Why, why, why do you only sell completely impractical items? For example, you sell a wooden bowl that is only 6 inches wide and 3 inches deep and a bamboo bowl 17 inches wide that is suitable “for dry foods only.” I don’t have enough dry foods to fill a bowl like that!! Don’t they have lacquer in Nepal? Why do you think that an infinite variety of coffee mugs (of which I ALREADY own dozens) is more appealing to a consumer than high ball glasses. And why are the only water glasses you do sell 2 1/2″ deep and 5″ high? What, exactly, are people supposed to drink out of that? For that matter, who still drinks out of goblets?? It hasn’t been the middle ages for a few centuries. Yes, your hand made pitchers are lovely, but I need something that will hold enough liquid for 8 people, not 2.
Fail #4: Avoiding unnecessary wedding registry items
Although I have an expansive apartment, it is stuffed to the brim with “things.” So I thought I would have nothing to register for. Halfway through Bed, Bath, & Beyond, however, I discovered my lovely future husband had an opinion or two of his own on my current set up. The hand-me-down vacuum cleaner I got from my grandmother that was manufactured in the ’40s – not powerful enough! The mini ironing board that fit (cleverly, I thought) on my kitchen table – too small! My washing-machine-safe place mats – too annoying to clean! So, our registry (which I thought would be empty) is now stuffed to the brim with 90+ items and I do not know WHERE the stuff I already own will go. Is anyone in the market for cloth place mats, a mini ironing board, or a vacuum cleaner with questionable suction?
Fail #5: Rescuing the unwanted, reusable, discarded decorations from my friends’ weddings
One of my closest friends from college had the most thoroughly planned wedding I’d ever seen in my life. There was a logo. There were giant gift bags hand delivered to the house we were staying. There was a rehearsal dinner to which everyone was invited AND an after party. Did I mention the logo? Did I mention it matched the antique mirrors in the venue she ultimately selected? Did I mention the logo was etched into the centerpieces at each table? Anyway – the only thing she didn’t plan for was clean up. That meant that 15 perfectly lovely, fish-bowl shaped vases got thrown out. Just thrown out!! And who knows what else got swept away in the rush to clear the venue.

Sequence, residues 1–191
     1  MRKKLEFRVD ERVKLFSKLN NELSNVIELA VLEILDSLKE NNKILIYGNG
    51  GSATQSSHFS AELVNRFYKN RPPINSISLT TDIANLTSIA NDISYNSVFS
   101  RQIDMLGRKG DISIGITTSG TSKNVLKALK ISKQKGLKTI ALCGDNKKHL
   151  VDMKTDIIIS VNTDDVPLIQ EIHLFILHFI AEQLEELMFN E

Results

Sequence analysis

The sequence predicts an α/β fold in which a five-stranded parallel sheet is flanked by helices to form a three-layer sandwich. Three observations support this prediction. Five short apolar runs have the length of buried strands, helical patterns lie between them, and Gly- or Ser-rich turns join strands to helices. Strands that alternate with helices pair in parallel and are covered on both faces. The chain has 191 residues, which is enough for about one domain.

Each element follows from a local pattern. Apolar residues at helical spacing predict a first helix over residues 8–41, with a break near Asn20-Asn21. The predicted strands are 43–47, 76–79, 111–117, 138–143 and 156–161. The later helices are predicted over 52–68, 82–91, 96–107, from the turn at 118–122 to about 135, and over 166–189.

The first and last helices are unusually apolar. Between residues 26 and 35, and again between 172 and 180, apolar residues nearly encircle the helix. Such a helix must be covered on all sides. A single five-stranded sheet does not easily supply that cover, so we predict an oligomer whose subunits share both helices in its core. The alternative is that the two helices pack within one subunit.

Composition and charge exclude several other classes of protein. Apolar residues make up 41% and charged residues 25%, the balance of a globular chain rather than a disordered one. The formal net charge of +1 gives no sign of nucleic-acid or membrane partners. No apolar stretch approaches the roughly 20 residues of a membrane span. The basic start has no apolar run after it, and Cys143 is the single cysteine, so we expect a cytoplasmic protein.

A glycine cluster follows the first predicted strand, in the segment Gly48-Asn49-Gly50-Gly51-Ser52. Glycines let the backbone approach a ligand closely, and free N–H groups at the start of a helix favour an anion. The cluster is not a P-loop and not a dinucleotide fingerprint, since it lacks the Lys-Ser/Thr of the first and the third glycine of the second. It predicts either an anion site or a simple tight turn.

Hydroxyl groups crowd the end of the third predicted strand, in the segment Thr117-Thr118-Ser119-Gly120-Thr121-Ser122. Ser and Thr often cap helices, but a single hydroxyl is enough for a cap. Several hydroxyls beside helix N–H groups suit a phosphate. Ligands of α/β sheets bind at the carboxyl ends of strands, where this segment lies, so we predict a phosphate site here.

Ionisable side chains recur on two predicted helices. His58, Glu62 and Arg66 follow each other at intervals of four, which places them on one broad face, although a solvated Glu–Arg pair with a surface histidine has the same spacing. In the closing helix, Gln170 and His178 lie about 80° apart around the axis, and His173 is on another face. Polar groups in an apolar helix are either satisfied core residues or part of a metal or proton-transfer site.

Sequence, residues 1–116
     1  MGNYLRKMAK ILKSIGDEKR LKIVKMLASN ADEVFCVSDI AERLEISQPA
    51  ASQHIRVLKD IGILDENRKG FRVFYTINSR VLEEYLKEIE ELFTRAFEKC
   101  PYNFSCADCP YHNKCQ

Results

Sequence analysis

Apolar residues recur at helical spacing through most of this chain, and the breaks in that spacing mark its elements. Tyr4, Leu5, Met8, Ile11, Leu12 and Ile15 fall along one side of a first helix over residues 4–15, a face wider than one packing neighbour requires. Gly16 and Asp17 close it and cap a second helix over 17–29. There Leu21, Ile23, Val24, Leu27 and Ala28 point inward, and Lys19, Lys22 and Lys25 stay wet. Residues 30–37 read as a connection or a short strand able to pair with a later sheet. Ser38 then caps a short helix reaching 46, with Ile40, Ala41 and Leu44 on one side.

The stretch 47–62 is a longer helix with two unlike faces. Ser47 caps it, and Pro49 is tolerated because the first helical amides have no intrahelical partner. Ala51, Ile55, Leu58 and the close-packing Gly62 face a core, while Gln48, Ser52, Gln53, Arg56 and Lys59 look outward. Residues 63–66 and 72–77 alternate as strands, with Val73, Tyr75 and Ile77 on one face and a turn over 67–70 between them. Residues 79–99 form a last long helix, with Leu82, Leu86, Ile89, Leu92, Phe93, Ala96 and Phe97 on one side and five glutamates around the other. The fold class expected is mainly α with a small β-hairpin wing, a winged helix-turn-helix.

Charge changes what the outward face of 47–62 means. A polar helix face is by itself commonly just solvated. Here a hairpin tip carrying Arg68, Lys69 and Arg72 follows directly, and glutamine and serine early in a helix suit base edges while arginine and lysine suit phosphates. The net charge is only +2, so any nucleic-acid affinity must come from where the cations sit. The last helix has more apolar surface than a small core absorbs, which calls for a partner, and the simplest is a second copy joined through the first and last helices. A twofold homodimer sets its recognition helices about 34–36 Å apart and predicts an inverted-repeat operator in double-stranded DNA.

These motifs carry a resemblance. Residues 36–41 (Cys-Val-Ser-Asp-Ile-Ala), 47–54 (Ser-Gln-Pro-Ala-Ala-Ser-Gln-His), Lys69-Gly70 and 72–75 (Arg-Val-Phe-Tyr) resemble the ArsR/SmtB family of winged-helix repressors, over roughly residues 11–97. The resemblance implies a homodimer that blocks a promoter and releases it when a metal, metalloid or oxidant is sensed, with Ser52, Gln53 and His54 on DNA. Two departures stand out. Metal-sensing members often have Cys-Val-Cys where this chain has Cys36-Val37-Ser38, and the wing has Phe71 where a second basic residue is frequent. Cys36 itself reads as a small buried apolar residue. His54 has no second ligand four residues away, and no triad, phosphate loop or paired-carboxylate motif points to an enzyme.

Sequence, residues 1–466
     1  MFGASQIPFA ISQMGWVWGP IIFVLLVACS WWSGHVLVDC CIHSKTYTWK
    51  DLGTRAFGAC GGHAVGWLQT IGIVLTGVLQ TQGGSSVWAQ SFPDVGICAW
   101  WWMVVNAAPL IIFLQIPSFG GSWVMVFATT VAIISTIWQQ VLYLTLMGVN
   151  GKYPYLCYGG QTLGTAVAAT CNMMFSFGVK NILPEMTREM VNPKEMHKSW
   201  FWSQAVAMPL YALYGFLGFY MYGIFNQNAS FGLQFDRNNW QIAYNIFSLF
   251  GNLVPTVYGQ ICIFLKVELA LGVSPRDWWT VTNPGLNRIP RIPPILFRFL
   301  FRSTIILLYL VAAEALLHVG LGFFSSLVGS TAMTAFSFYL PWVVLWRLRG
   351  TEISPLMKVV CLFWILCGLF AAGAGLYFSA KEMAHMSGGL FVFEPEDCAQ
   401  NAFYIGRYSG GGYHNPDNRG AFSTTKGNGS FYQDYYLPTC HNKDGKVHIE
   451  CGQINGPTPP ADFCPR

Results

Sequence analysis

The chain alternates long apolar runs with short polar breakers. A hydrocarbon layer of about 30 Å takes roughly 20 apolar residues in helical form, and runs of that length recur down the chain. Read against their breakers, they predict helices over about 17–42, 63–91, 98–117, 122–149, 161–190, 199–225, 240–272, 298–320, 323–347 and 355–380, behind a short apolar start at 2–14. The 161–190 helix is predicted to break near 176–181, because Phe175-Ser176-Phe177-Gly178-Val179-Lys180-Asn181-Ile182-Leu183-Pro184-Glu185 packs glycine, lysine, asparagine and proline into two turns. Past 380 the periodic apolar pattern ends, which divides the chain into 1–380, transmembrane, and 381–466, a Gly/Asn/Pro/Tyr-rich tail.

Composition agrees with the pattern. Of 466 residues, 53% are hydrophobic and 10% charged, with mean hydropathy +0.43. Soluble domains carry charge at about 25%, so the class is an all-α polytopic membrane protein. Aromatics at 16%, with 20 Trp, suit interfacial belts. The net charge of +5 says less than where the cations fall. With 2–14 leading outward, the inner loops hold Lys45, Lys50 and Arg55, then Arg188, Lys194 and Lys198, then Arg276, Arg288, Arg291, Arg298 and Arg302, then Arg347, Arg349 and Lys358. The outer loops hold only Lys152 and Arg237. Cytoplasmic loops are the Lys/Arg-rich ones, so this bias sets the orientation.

Then, just two months later, I participated in another wedding – a friend of mine from NYC. The lead singer of the band (yes, there was a band!) was supposed to announce that guests could take the centerpieces home (in an effort to avoid waste). He was more interested in singing than making formal announcements (I can’t really blame him – the music was excellent), so the vases and the flowers got thrown out again!
This is in no way casting judgement on either bride – weddings are crazy and some things just happen and of course they would have rather had a different solution. I’m just sad I didn’t think ahead and bring a giant box with me!!
What about you? What aspirations for socially responsible wedding planning (or planning for any big event) have fallen short? What wedding ideas in general have fallen to the wayside because of practical considerations?